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Tiny life forms found way to survive ice ages without leaving Antarctica

Map of volcanoes known to have been active since the last Ice Age. Inset lower left: volcanic Mount Erebus (photo by Steven Chown). Inset upper right: moss growing around a fumarole in the South Sandwich Islands (photo by Peter Convey).

Map of volcanoes known to have been active since the last Ice Age. Inset lower left: volcanic Mount Erebus (photo by Steven Chown). Inset upper right: moss growing around a fumarole in the South Sandwich Islands (photo by Peter Convey). Photo: Supplied

Tiny Antarctic creatures may have survived successive ice ages by sheltering in frozen caves created by hot steam from active volcanoes, scientists say.

Lead authors of the research say it offers an insight into which species are able to adapt to changing climates and which could be destined to die out.

Australian National University lecturer Ceridwen Fraser said there was evidence larger animals such as penguins had travelled north from Antarctica to warmer climates when ice ages struck Earth.

But extensive research on the bugs, mosses and lichens of the frozen continent had found they were genetically very different from those found in other parts of the world, suggesting they had been isolated there for millions of years, she said.

Dr Fraser said scientists had been puzzled as to how the life forms had survived several ice ages, when ice on Antarctica would be much thicker and more extensive than it is today.

Partnering Aleks Terauds from the Australian Antarctic Division, she co-led the study of tens of thousands of existing records to find there was a far larger variety of species living close to volcanoes in Antarctica than there were further away.

Dr Fraser said steam from volcanoes can melt large ice caves under glaciers, creating hideaways tens of degrees warmer than outside, which could have provided shelter to plants and insects unable to move across the seas to somewhere warmer.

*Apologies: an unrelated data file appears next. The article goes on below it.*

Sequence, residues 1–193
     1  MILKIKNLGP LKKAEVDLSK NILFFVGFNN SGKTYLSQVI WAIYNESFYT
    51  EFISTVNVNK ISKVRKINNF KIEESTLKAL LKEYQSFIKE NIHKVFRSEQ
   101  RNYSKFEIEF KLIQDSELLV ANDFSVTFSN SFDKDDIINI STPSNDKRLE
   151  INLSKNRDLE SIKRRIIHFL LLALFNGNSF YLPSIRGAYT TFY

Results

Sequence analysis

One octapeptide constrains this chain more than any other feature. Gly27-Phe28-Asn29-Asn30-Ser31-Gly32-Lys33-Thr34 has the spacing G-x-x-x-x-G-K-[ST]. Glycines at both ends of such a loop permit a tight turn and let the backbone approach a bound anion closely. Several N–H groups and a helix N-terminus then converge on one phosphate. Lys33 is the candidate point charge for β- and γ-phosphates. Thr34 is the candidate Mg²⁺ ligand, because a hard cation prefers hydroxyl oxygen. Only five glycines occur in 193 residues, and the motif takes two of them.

''Volcanoes also make general ice free terrain, not just caves below the ice, but the steam can melt areas of ice on top of the volcano, so you'd have exposed but relatively warm ice-free areas around volcanoes as well,'' she said.

Dr Fraser said the study offered lessons on to what degree different species were affected by climate change, which held particular relevance to contemporary challenges posed by rising temperatures.

''I think it's really important to recognise which species can just take climate change on the chin and go where they need to go and which ones really can't, they're trapped,'' she said.

''We got a lot of species in southern Australia now that are just going to drop off into extinction, because they've got nowhere to go and they can't swim.''

Dr Fraser said if ice in Antarctica melted, large areas of land could also open up, exposing the continent to an increased risk of contamination by outside species which could be brought to the continent accidentally by tourists.

There are 16 volcanoes in three clusters on Antarctica which are thought to have been active since the last ice age, which peaked around 20,000 years ago, she said.

Dr Terauds said the findings supported the team's hypothesis that species had been expanding their ranges and moving out from volcanic areas since the last ice age.

Dr Fraser will head to the Antarctic Peninsula in January to continue her research.

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